Mohammed bin Nayef, the former crown prince of Saudi Arabia, was reportedly held against his will in a palace in Mecca in June and pressured for hours to give up his seat.

The New York Times reported that Mohammed bin Nayef gave in by daybreak the next day and it was later announced that Mohammed bin Salman, 31-year-old son of King Salman, would be next in line.

The appointment of such a young royal as the immediate heir to the throne essentially sets Saudi policy for decades in the hands of a man seen as a risk taker.

The prince, known as MBS, already oversees a vast portfolio as defense minister. He has also become popular among some of Saudi Arabia’s youth, who make up the bulk of the population, for pursuing reforms that have opened the deeply conservative country to entertainment and greater foreign investments as part of an effort to overhaul the economy, including plans to list a percentage of the state-run oil giant Saudi Aramco.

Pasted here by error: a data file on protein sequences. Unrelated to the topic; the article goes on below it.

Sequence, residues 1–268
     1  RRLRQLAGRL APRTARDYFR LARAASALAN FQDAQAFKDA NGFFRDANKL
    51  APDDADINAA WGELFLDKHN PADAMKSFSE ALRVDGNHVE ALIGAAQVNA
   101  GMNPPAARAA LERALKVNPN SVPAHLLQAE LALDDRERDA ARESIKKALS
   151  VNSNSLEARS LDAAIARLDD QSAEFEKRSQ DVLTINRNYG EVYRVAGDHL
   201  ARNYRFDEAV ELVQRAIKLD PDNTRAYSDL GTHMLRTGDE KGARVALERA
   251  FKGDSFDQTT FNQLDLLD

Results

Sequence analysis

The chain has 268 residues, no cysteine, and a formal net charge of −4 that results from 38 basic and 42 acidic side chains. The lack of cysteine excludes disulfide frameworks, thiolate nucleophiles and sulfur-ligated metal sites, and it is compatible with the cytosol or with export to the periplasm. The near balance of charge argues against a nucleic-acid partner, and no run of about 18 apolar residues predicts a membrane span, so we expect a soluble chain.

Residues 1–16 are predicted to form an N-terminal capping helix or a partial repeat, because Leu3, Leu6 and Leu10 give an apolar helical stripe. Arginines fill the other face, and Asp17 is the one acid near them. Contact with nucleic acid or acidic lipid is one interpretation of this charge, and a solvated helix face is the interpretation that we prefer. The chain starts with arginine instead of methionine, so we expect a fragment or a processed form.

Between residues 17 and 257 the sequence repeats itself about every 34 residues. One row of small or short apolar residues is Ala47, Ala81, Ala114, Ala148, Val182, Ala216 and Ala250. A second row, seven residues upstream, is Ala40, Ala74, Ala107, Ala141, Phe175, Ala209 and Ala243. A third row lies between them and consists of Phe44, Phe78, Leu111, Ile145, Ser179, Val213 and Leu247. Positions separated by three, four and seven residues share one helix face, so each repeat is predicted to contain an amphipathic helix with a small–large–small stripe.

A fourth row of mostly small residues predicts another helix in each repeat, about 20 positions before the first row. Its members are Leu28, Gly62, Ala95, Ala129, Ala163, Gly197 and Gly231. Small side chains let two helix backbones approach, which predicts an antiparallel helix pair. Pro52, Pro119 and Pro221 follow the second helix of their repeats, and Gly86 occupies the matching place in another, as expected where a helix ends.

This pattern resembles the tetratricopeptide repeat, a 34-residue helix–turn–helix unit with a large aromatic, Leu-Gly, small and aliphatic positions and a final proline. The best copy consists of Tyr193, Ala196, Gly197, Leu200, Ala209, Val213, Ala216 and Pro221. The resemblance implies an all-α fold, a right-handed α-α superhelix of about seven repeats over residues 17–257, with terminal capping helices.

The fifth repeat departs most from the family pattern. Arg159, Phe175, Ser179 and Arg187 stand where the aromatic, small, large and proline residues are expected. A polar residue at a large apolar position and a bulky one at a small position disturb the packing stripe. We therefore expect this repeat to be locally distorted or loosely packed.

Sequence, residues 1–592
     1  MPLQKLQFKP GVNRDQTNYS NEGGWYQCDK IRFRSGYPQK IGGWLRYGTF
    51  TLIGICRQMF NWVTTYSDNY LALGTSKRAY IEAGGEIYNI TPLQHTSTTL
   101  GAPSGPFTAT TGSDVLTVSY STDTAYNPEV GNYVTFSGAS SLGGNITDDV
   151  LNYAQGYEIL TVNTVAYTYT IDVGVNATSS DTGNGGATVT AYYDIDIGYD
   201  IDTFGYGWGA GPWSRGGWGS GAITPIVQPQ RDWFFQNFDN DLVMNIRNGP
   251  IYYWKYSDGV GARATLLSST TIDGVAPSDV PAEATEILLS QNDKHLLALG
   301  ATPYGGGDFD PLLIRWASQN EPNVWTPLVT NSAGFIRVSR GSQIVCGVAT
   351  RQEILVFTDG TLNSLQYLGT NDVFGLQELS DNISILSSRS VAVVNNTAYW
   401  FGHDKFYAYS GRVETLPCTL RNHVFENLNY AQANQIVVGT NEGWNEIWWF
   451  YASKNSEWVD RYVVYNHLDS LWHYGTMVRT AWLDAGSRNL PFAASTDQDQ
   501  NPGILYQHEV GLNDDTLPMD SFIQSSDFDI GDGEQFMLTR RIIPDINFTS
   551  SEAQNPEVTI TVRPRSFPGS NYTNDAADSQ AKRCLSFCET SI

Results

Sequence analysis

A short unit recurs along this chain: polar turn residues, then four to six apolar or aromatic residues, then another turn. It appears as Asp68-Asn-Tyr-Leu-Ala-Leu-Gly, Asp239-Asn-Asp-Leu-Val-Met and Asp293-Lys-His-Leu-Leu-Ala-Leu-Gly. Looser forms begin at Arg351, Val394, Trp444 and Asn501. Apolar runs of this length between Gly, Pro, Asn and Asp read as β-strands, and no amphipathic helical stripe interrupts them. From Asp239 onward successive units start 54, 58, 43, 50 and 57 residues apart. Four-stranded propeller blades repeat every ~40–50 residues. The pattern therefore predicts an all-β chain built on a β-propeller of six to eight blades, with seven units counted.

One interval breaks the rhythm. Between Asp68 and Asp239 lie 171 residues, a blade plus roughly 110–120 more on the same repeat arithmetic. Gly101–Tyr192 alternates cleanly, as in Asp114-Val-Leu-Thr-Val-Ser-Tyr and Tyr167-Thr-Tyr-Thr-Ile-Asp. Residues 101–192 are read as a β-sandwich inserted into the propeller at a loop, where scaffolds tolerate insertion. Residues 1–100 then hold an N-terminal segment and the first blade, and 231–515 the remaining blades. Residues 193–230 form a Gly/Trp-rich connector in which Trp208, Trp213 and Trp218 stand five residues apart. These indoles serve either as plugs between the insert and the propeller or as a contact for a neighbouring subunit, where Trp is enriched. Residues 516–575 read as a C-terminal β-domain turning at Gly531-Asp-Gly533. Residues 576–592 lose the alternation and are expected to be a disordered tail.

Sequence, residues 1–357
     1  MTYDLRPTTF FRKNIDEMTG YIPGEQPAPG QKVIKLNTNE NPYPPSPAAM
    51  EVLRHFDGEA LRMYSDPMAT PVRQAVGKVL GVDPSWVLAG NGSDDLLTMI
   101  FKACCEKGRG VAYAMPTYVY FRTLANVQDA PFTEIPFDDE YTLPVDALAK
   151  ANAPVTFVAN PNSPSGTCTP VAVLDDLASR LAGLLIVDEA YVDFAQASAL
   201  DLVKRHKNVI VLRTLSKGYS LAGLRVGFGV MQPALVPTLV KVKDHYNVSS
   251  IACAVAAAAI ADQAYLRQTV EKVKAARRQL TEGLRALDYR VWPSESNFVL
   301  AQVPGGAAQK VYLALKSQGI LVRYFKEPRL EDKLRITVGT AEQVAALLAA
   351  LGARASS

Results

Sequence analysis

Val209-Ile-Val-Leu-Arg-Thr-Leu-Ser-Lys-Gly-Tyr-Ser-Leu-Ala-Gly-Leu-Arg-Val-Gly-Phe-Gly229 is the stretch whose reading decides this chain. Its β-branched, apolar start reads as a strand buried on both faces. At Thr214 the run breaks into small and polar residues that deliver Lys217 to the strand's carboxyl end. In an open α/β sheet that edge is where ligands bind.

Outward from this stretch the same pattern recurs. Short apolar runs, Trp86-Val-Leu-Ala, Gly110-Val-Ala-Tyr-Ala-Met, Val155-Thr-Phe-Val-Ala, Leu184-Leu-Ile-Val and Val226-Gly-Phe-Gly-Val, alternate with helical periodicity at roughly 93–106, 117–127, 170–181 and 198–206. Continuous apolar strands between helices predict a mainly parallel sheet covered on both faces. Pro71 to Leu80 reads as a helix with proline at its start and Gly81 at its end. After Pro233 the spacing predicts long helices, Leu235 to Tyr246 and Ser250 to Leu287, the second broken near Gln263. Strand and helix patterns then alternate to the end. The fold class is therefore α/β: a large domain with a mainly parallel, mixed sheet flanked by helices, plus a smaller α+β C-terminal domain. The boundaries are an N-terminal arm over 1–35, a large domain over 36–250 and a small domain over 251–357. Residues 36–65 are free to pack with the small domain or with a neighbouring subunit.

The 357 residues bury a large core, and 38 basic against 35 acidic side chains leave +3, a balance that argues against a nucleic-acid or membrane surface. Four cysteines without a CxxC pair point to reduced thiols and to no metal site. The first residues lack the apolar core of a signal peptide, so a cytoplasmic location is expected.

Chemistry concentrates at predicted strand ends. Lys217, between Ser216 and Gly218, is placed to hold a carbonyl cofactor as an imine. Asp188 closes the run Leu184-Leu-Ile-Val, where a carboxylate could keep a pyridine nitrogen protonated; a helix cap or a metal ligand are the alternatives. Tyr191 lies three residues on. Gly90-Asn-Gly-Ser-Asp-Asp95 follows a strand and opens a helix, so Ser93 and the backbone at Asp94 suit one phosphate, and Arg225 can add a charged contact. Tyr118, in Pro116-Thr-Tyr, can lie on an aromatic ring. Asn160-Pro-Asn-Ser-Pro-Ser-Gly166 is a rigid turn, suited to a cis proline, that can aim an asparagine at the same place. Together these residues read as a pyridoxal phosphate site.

The young prince was little known to Saudis before Salman became king in January 2015. He had previously been in charge of his father’s royal court when Salman was the crown prince.

The Saudi monarch quickly named him second-in-line to the throne two years ago to the surprise of many within the royal family who were older and more experienced.

A senior Saudi official in a letter denied that Mohammed bin Nayef was pressured, The Times reported.

The Associated Press contributed to this report

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